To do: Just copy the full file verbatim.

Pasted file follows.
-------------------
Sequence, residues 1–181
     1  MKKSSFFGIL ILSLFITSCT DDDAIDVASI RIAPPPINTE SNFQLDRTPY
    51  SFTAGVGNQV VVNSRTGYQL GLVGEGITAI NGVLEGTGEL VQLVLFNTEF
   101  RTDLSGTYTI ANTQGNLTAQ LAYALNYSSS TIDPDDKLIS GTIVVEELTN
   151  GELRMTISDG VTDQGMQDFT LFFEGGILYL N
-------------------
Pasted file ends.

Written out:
Sequence, residues 1–181
     1  MKKSSFFGIL ILSLFITSCT DDDAIDVASI RIAPPPINTE SNFQLDRTPY
    51  SFTAGVGNQV VVNSRTGYQL GLVGEGITAI NGVLEGTGEL VQLVLFNTEF
   101  RTDLSGTYTI ANTQGNLTAQ LAYALNYSSS TIDPDDKLIS GTIVVEELTN
   151  GELRMTISDG VTDQGMQDFT LFFEGGILYL N